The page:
"There is no scientific support for major elements of the underlying model, there is little scientific evidence to support the therapy, and research methods that could conclusively evaluate the therapy's effectiveness have not been applied."

   2. It has never been scientifically proven that we can feel the emotional state of someone else through the use of palpation. One might think that differentiating two emotional states is an easy task, but to prove it significantly (more than 16 times out of 20 for example) is not necessarily that easy. If you are stressed, if the subject is under stress (divorce, recent loss, lost his job ...), if two of your subjects are psychopathic or sociopathic and unable to feel an emotion, if they had a violent past trauma not remembered (as a baby/child), are all factors that may induce error in your judgment and greatly reduce your chances to differentiate these two emotional states. This is why, even if it could be possible to feel and differentiate more  emotional states, just being able to successfully 2 is already a good challenge. 

This ability, if it exists, should be classified as a "peri-normal" phenomenon and we can only agree with ​​Dr. Richard Dawkins because this ability follows a logical sequence of events that could be explained scientifically but which are not yet proven. But as this definition does not exist in the dictionary then we must classify this phenomenon as "paranormal".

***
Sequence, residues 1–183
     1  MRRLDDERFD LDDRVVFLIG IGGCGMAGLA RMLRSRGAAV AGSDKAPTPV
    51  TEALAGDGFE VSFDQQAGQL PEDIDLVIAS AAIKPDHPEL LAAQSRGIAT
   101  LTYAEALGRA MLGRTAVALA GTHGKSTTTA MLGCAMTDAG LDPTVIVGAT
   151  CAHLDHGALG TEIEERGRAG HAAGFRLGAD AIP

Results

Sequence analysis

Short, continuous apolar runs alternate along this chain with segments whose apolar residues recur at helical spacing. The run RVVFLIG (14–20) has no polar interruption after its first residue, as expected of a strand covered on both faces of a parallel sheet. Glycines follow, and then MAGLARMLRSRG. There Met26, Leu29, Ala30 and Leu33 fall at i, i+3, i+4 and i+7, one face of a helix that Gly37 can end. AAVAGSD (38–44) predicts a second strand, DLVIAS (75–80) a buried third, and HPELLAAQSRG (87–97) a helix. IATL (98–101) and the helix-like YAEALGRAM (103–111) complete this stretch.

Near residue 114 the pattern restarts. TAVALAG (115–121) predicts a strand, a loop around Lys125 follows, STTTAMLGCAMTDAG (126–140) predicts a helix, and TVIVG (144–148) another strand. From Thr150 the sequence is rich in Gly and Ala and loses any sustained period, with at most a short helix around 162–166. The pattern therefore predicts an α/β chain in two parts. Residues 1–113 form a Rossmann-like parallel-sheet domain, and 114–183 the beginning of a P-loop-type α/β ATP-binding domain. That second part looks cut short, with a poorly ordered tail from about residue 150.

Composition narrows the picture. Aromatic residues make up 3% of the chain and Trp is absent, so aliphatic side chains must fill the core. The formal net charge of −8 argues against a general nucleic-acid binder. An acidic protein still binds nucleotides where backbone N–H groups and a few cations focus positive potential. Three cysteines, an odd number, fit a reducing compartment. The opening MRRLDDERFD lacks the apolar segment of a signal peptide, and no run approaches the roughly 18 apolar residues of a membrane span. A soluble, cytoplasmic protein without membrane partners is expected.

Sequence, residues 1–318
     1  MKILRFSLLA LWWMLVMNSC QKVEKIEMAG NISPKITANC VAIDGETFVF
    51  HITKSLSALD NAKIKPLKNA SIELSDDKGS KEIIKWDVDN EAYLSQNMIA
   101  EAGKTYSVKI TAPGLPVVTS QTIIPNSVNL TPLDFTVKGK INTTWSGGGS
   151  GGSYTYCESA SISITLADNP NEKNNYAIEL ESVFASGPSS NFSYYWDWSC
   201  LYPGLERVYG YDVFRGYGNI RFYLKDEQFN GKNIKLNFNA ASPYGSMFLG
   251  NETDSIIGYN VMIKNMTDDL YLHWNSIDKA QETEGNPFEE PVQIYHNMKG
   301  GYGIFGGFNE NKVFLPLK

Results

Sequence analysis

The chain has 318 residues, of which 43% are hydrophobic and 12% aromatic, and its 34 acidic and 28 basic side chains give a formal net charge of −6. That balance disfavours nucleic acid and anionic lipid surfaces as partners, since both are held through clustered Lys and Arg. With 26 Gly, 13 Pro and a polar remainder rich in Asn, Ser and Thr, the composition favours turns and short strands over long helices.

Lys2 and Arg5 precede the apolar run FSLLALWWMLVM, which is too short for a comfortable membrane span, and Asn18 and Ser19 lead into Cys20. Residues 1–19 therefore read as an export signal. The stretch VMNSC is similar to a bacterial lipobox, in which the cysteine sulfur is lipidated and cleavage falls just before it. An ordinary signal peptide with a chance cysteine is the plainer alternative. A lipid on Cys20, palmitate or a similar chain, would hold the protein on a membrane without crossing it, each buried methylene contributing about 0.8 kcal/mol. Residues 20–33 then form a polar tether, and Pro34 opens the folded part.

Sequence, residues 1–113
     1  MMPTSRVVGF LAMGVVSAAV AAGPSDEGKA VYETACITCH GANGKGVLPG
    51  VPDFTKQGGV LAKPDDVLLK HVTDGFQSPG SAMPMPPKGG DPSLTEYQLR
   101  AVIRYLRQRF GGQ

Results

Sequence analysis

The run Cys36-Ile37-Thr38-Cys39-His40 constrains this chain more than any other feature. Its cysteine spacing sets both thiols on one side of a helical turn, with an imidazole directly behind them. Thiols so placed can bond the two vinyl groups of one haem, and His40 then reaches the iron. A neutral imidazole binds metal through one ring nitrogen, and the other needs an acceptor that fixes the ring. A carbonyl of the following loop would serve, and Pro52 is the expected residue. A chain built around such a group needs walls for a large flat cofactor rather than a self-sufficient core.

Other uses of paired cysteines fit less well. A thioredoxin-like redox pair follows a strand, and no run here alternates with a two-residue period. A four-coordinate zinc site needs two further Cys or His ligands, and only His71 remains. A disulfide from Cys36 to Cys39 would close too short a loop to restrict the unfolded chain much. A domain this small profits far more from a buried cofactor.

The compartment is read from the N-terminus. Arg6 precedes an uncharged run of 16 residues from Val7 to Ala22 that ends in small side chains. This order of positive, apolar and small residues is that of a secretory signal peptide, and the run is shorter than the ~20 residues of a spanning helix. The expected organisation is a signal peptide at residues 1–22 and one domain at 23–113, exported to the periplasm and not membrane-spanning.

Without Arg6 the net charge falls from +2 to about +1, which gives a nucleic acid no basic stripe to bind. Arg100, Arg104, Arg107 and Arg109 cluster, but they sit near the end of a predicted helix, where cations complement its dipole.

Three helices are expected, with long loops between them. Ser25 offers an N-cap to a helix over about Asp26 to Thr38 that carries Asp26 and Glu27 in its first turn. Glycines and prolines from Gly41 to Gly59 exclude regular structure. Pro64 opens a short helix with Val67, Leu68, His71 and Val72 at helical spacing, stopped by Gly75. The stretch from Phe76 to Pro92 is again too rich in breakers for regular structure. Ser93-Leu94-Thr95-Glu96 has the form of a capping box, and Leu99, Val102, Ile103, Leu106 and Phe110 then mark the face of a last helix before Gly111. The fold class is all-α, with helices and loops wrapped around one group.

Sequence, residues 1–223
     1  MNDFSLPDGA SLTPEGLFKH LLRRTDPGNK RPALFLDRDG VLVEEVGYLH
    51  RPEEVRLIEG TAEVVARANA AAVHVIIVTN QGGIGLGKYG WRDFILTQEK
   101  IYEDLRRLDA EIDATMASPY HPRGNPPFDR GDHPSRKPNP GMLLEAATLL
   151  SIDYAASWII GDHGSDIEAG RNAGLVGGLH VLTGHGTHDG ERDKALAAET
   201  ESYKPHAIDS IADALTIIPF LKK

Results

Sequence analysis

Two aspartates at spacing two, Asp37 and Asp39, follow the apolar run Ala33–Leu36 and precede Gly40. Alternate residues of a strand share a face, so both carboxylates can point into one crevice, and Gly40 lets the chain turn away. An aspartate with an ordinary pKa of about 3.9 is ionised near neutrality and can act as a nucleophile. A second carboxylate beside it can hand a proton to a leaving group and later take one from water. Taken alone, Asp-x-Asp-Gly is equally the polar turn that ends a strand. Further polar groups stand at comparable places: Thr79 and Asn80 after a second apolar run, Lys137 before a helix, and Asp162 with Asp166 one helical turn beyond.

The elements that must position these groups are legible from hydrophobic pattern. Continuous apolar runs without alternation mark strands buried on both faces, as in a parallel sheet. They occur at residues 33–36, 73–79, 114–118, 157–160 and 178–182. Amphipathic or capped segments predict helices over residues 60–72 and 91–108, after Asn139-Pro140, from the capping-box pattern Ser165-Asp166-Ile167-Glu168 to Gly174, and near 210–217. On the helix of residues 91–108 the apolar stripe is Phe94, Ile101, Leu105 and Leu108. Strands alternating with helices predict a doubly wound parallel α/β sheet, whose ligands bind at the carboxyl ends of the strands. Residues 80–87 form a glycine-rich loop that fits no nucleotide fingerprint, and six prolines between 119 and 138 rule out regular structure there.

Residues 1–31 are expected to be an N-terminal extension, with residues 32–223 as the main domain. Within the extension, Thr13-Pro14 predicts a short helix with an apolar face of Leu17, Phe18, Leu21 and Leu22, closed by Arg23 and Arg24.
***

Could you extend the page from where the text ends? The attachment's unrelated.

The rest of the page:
What would be an idea of ​​protocol in order to prove this "claim"?

   1. The "guinea pigs" must be relatively young (20-35years), because if they are young they will have a better muscle quality, thus it is clearer to distinguish the "at rest" muscle tone vs a hypertonic state. With older patients/guinea pigs/volunteers, chronic stress or chronic physical labor can make their muscles fibrotic and reduce the Δ (variation) of contractility , making the fascial (techniques on the fasciae) "reading" harder.
2. These subjects should not have had any kind of major physical, emotional, pathological trauma,  or suffering from a severe or important chronic stress. These factors can increase the inherent muscle tone that can blur the clarity of the fascial "reading".
3. Psychopaths and sociopaths should be avoided as they may have difficulties in feeling emotions!
4. A number of 20 subjects would be ideal, and the "claim" should be validated if one (the therapist) can correctly guess at least 16 out of 20 emotional states.
5. The therapist is looking for a change in the inherent muscle tone with cranial and fascial techniques. Therefore the therapist must first test the volunteers when they're relaxed.
6. The the volunteers flip a coin (or pick up a paper, ball...) which will decide the emotion they will simulate (anger or serenity / calm)
7. After a "beep" sound the guinea pigs should imagine different situations where they feel this emotion (conflict with someone / on the beach in the sun) for one minute in the most intense way possible, without showing it physically of course. A hypnotherapist may be asked to help to lead this state.